Now, on the surface, the obvious meaning of this is that Gilead is meant to be a place of healing, but as Offred mentions in the book, "a balm in Gilead" is a homonym of "a bomb in Gilead." The allusion here is clear: Gilead wants to appear as a safe haven or even an idealized world, but it's a world of violence and destruction underneath.
5 Why The Birth Rate Collapsed
On the TV adaptation of The Handmaid's Tale, the abrupt and precipitous birth rate drop is the excuse that is used to justify forcing these women into reproductive slavery (in addition to their supposed past sins, of course), but the show never clarifies exactly what caused that drop. In fact, they have treated it like a mystery that has yet to be solved.
That's not the case in the book, though. It's made clear that the sharp increase in infertility is driven by toxic radiation and environmental pollution that is affecting the health and reproductive ability of all of Gilead's citizens.
4 Everyone Thinks The Handmaids Have It Easy
The Handmaid's Tale explores the entire world of Gilead, but its main focus is obviously June and the rest of the handmaids. As any viewer would obviously know, the life of a handmaid seems indescribably awful. While the handmaids in the book receive a lot of the same treatment as the handmaids in the TV show, the reputation of the handmaids doesn't reflect their reality.
Most people in Gilead society regard being a handmaid as an almost unfairly easy job, and a lot of the other classes of Gilead's citizens think of being a handmaid as a job that only requires one day a month of work.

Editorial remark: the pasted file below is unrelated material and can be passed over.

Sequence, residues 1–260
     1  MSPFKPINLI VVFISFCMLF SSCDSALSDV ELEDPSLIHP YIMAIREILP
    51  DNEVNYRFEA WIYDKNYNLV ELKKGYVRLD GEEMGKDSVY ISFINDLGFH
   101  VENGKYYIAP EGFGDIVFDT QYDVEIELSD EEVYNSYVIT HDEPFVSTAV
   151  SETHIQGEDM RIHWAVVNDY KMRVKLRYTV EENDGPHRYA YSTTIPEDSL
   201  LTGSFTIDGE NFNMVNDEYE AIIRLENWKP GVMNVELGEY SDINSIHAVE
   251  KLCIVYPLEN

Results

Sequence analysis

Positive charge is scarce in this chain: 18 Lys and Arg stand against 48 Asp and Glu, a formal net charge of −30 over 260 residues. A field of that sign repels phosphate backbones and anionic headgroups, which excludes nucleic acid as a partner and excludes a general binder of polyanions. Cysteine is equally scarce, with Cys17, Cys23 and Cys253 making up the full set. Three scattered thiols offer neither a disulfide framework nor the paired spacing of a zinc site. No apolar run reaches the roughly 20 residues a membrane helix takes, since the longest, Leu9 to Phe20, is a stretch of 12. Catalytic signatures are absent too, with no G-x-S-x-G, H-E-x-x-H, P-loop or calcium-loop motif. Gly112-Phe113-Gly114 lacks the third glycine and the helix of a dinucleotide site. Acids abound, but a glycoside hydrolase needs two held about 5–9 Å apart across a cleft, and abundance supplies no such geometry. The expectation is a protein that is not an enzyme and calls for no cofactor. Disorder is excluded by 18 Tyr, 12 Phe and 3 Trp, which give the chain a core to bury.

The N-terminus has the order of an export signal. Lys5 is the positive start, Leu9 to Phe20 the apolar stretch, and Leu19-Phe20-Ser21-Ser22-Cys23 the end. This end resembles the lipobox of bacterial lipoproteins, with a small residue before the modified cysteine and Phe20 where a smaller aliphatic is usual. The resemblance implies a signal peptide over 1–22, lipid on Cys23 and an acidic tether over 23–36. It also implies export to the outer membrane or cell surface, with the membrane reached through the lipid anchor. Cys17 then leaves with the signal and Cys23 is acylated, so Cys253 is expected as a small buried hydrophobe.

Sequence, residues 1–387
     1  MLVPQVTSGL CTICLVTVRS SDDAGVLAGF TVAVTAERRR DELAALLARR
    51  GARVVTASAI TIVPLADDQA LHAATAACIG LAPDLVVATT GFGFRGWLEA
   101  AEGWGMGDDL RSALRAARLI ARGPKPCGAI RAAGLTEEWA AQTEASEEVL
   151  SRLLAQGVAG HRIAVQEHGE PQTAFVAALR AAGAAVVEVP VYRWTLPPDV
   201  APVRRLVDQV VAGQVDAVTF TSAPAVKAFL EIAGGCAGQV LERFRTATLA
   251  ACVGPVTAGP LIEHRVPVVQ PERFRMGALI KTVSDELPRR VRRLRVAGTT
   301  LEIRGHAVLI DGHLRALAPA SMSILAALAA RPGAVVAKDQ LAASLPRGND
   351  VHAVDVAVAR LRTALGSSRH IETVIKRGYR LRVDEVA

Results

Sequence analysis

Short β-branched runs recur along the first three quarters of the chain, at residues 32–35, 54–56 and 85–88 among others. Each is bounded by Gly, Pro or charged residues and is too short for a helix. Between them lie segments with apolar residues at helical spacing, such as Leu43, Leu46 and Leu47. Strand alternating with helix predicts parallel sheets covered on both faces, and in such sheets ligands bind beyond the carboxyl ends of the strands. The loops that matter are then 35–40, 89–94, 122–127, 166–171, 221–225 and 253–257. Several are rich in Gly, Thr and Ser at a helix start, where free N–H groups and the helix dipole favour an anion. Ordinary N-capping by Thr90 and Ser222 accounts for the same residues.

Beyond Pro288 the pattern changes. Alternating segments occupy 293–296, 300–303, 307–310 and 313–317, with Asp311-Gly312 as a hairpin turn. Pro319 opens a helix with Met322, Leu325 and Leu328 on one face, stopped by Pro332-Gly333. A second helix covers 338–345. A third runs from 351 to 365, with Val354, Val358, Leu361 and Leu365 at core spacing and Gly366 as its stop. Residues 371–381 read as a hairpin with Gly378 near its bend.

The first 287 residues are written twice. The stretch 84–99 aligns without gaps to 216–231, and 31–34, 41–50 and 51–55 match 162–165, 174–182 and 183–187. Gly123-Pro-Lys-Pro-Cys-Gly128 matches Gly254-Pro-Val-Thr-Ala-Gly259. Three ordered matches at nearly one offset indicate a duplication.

3 The Eyes
The TV version of The Handmaid's Tale has explored the concept of the Eyes quite a bit, but still has lost some of the nuance that the Gilead secret police force has in the books. The Eyes are essentially meant to spy on any and all aspects of Gilead society, for the sake of maintaining order and ensuring that the country remains as godly as it can be.
However, the show has never referred to them by their full title, the Eyes of God. It's not shocking that Gilead would call their spies this, but there's a whole lot of subtext to the fact that spies for the government are literally called the Eyes of God.
2 Gilead Is Within You
This is a concept that has been established and demonstrated dozens of ways in dozens of scenarios with nearly every character in the show, but it's something that the TV adaptation of The Handmaid's Tale has never stated outright while the book has: Gilead lives within you.
Every character that the audience sees on the show has been utterly and irrevocably transformed by their experience in Gilead, and, in many ways, that means that even if a citizen of Gilead manages to escape this horrific regime physically, it's something they can never escape mentally and psychologically.
1 Prejudices Don't End With Women
Show runner Bruce Miller has gone out of his way to explain why he decided to make the changes he made when it came to adapting the novel as a television series. Margaret Atwood's treatment of anything "other," though, honestly makes a lot more sense in the book.
In the book, Offred makes reference to the Sons of Ham, the citizens who were essentially separated from the rest of Gilead society. She also states that although people of other religions either had to convert or die, Gilead supposedly allowed Jewish people to leave Gilead and go to Israel.